I am sure that there are other parallels that I either missed or forgot about. Anyone who has seen this movie, what did you think? What other parallels did you notice?

I am personally convinced that all LDS church members are, on some level, aware that they live in a world that is make believe, just like Rapunzel not feeling quite right about life in a tower. On some level, all religious people are struggling to wake up from this bad dream.


Heather said...

Very good analogy. It's amazing how stepping away from something like the church can bring such clarity. The church makes things out to be simply black and white, and while I think my world is full of color now, there is definite black and white when it comes to dangerous institutions.

I think I disagree on your last paragraph. My parents/extended family are prime examples. They would never question even the most ridiculous law or rule the church would throw at them. They see it as another testament of it's truthfulness. I remember the stupid flip flop rule and my mom ripped me a new one when she
found out thats all i wore on my feet Sundays. If the prophet asked for 15%, they would gladly pay. They are so brainwashed and find comfort in the ridiculousness associated with it.

But deep down, I hope they get pissed enough to figure it out. I just don't see it happening...

Mormon411 said...

Yea, it's hard to say for sure. Looking back, deep down inside I always knew it was a bunch of crap. But the years of conditioning overpowered that small feeling and I was left, again and again, defending the church and boldly stating "I know it's true". If you had known me before, you would never guess in a million years that I would leave the church and become an active voice against it. I was the golden child who obeyed all the rules and always did what I was told. Maybe I am wrong, but it at least is true of me.

Heather said...

I don't think you are wrong, and I don't think I'm right. There are so many people like you and my husband who have those nagging thoughts which lead to asking questions. Its good and healthy! Then there are people like me and my family who do not question...ever...the only reason I am out of the church is through my husband. I would still be in it 200%, wasting my time, $$ and life.

Here is a question that I have wanted to ask someone, so I will use you. =) My husband and I were talking about a cousin of mine who has many mental health issues. It appears that she has no moral compass at all and cannot make healthy decisions on her own, but only make decisions through parents and church. Do you think that some people need a religion (not necessarily the Mormon church) to help guide them to make wise and healthy decisions because they cannot on their own?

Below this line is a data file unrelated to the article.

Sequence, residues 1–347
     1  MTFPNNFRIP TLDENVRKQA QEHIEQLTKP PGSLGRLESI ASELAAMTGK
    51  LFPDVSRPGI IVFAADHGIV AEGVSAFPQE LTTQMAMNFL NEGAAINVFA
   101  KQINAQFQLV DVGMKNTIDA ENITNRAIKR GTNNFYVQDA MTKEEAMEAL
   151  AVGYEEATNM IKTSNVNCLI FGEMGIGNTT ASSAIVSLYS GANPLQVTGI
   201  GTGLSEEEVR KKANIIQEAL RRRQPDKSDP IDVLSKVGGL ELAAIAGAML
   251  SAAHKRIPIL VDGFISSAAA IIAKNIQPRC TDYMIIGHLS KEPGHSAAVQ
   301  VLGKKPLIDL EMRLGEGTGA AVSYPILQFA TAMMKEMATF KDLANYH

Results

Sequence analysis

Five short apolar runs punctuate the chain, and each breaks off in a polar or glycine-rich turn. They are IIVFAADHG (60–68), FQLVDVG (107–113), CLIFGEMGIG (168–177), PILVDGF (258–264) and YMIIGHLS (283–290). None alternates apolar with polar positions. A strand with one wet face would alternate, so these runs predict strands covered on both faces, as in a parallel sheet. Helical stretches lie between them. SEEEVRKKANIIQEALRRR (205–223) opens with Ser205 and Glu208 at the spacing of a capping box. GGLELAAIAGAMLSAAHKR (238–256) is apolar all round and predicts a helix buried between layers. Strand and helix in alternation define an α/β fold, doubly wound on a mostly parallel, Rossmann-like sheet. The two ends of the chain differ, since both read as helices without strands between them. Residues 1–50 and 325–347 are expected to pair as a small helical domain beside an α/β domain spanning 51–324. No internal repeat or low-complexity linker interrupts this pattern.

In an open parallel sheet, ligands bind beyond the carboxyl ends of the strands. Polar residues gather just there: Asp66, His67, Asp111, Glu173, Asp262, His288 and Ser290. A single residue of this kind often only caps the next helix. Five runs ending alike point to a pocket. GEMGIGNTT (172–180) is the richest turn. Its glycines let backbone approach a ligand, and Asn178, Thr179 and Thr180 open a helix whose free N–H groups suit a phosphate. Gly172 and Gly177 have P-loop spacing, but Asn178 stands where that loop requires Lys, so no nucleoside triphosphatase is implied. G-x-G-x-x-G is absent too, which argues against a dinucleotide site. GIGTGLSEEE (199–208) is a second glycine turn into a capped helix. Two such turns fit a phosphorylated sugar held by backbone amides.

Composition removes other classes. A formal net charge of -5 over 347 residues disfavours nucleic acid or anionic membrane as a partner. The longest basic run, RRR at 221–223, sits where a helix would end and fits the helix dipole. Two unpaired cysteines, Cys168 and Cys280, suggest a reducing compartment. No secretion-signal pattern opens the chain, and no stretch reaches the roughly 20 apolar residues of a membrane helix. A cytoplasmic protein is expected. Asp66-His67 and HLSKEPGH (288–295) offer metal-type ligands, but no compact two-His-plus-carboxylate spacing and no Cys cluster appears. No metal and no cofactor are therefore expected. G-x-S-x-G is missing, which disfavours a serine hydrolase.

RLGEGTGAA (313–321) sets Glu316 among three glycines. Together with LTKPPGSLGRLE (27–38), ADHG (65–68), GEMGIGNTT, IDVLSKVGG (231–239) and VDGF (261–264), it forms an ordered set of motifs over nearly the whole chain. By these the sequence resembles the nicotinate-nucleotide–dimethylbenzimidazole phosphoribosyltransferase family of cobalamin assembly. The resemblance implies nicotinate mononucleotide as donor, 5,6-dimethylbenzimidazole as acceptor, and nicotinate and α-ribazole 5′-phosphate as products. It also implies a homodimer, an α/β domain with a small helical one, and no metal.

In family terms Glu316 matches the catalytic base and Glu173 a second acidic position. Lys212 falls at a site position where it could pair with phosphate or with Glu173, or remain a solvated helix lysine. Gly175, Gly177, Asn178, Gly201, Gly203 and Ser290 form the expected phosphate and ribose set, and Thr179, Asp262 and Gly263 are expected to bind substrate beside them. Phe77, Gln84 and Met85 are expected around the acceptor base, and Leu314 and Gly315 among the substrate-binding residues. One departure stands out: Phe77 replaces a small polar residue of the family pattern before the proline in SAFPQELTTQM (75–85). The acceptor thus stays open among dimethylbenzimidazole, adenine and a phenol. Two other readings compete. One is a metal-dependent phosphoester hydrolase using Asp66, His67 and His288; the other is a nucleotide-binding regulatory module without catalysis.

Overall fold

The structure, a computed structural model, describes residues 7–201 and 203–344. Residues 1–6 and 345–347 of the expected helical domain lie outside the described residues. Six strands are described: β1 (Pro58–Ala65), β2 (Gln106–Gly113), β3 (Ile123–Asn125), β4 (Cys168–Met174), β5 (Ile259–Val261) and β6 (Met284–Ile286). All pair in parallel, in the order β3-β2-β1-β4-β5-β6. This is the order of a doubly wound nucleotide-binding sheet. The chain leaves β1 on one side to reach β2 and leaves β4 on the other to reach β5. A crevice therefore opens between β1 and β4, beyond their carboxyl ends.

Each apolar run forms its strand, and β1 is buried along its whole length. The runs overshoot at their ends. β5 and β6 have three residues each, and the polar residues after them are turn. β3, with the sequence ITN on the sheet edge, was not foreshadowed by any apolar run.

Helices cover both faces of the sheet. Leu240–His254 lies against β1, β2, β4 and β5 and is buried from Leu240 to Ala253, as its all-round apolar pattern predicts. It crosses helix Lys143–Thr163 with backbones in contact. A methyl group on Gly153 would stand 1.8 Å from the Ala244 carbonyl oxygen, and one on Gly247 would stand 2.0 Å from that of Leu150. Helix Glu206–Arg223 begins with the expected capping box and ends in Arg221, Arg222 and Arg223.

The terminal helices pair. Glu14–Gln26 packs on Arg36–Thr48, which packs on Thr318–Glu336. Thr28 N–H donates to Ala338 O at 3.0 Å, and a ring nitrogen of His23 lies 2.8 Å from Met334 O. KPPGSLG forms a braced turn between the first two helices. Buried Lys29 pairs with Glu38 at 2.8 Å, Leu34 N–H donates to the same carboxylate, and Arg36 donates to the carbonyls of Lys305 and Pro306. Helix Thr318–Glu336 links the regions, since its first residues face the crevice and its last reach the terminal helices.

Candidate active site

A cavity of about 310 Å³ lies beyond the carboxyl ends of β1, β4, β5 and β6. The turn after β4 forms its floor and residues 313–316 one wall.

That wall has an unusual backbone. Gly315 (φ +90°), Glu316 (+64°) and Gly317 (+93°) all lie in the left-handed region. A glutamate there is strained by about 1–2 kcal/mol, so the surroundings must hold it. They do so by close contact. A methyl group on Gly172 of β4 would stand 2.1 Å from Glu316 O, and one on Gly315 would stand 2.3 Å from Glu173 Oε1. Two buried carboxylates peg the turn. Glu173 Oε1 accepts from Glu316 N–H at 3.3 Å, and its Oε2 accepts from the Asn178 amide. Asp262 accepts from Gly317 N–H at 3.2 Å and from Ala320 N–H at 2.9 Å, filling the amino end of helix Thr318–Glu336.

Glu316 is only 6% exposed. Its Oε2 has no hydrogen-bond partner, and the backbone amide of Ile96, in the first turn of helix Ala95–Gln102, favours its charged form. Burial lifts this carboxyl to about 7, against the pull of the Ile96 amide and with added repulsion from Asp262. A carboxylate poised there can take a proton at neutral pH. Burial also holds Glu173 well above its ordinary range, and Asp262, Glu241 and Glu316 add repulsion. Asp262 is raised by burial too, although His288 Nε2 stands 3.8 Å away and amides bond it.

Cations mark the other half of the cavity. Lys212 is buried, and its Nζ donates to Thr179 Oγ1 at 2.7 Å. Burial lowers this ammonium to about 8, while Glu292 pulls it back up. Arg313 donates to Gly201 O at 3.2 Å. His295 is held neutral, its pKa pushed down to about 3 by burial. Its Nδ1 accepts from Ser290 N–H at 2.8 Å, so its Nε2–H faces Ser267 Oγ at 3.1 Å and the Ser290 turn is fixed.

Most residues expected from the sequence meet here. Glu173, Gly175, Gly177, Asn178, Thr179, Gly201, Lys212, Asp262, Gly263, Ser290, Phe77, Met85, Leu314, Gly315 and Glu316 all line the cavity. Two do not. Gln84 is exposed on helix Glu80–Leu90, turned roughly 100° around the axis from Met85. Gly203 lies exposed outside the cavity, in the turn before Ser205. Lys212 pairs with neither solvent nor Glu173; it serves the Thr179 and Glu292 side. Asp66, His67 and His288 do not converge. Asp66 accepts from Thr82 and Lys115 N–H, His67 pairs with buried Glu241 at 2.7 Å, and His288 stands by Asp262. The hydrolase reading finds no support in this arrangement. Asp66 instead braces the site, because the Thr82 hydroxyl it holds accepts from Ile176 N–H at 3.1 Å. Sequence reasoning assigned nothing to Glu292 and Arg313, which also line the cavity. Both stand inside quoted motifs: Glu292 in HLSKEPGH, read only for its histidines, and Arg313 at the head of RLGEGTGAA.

Valerie said...

I like this analogy a lot.

And even though you didn't ask me, Heather, I will give my opinion; I think some people really do need a church or religion to manage life. In fact, if you examine history in some areas, it specifically states that some religions/churches were created specifically to keep people in order and in line, obeying the rules.

Mormon411 said...

Sadly, Heather, I have to agree with Valerie. Although it is unfortunate, I do believe that some people just can't function without some type of external guidance. And although religion provides a false hope, it is that hope that gets some people through life. They really do need it. People who are hopelessly dependant on the system, like your family, wouldn't know what do to without it. So, I suppose it is better to have people addicted to a church rather than to some things which are far worse. My wife has resisted my trying to convince her. She needs it. At least for now. We just need to accept the fact that some people will never see the truth and they are happy living the way they are. We should NEVER let religious differences be our fault. If believers want to shun us, so be it. But it should never be the other way around. Hopefully that way they might notice, as Anakin Skywalker, that there is still some good in us.

Valerie said...

No effin way. . .

Did I really just read a Star Wars reference?

My son was speaking about Star Wars to me the other day (he's 8) and it was a total reference to the church.

Something about somebody believing he can heal people, so he can, whereas if he doesn't believe it, then he can't....

Can you say priesthood power?!?!